A victim of the prison system takes his anger out at Thames Police court

treadmill

The Thames Police court magistrate, Mr Lushington, enjoyed a reputation as the scourge of the ‘drinking classes’. In the late 1870s and ’80s Lushington fined and imprisoned thousands of drunks and wife beaters, disorderly prostitutes and petty thieves; those that used actual violence against the police were a particular bête noire of his, and could expect length spells in gaol at hard labour.

In the process he must have made a number of enemies – indeed most magistrates would have upset or annoyed those that came in front of them in the course of their justicing work. So perhaps we might expect there to have been occasions when the magistrates themselves were the victims of violence from those they sat in summary judgement on.

This is just one example where Mr Lushington was almost on the receiving end of another form of summary punishment.

Lewis Britton was still a teenager when he appeared at Bow Street, London’s senior Police court. A year earlier he had been charged with stealing a small step ladder and the Thames magistrate (possibly Lushington but other justices did serve there) had committed him for trial at the sessions. He was convicted and received a six month prison sentence.

This apparently affected him very badly and according to his mother, had completely changed him as a person.  Prison had a very debilitating affect on those that experienced in the late 1800s; it was brutal and isolating, and many if not most prisoners were scarred by it for life. Lewis (just 18 when he went inside) found it very hard to adjust to life afterwards and had not been able to find employment since.

He clearly blamed Lushington for his situation and one day he determined to do something about it.

Britton turned up at the Thames court holding a large stone. He was met by the court’s housekeeper, James Denny, who asked him what he wanted. Lewis told him he needed to see Mr Lushington and when Denny asked him why he said: ‘I want to give him this’, indicating the stone, and added that he intended to ‘do for him’.

Naturally alarmed, Denny told him to go away and threatened to have him taken into custody if he didn’t. Britton’s response was to wave the rock at Denny and threaten him as well. The housekeeper summoned PC Charles Andrews (166K) who arrested him. When the officer got his prisoner under lock and key he questioned him. The young man told him:

I mean to settle him when he comes outside, for giving me six months for nothing. If I don’t do it now I will at some other time‘.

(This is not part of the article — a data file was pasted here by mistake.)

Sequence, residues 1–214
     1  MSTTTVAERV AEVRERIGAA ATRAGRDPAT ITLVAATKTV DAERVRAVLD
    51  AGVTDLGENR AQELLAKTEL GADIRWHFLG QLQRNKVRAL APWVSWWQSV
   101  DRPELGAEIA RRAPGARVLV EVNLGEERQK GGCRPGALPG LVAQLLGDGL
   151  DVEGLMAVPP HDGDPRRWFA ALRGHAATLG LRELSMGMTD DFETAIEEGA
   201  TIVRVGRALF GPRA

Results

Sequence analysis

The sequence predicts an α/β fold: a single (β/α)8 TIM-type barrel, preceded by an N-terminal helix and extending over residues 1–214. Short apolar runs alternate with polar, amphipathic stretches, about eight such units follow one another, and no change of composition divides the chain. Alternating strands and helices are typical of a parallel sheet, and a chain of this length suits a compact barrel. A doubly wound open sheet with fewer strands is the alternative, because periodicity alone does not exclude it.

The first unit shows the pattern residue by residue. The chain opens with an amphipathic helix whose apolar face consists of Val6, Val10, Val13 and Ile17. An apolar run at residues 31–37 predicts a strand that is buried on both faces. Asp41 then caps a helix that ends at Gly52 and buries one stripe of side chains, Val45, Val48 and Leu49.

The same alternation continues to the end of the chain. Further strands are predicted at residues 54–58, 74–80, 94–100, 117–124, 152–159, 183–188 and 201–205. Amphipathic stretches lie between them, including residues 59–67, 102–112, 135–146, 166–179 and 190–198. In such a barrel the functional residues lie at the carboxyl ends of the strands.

Lewis Britton was duly presented in court on a charge of threatening a magistrate’s life, and his mother appeared in his defence. She spoke of how his mind had been affected by the original court case and his incarceration, hoping for some leniency for her son. The Bow Street magistrate, Mr Flowers, asked if there was any evidence that Lewis was not in full control of his actions. The Police surgeon, Dr Horton, said he had examined the prisoner and ‘thought he was labouring under some delusions’. He doubted whether the lad had any real intention of striking Lushington with the stone, but that he merely meant to frighten him.

Having established that Lewis might be a ‘person of weak intellect’, Mr Flowers committed him to the St. Giles workhouse so he could be examined by the medical staff there.

Whilst the action he took was deplorable by any standards I have quite a deal of sympathy with young Britton. His original crime was hardly serious and seemingly a first offence. Yet he was sent into the Victorian prison system;  a system that was described by one middle-class inmate as a ‘vast machine’ that ground men down and crushed their spirits. He only served six months but that was enough to give him the taint of prison that marked him out as an ex-convict. It isn’t easy for prisoners who have served their ‘time’ to reintegrate into society today, and they have (arguably at least) much more support than their Victorian counterparts. Hopefully Lewis received some help at St. Giles but I’m not confident he did.

[from The Standard, Monday, March 31, 1879]

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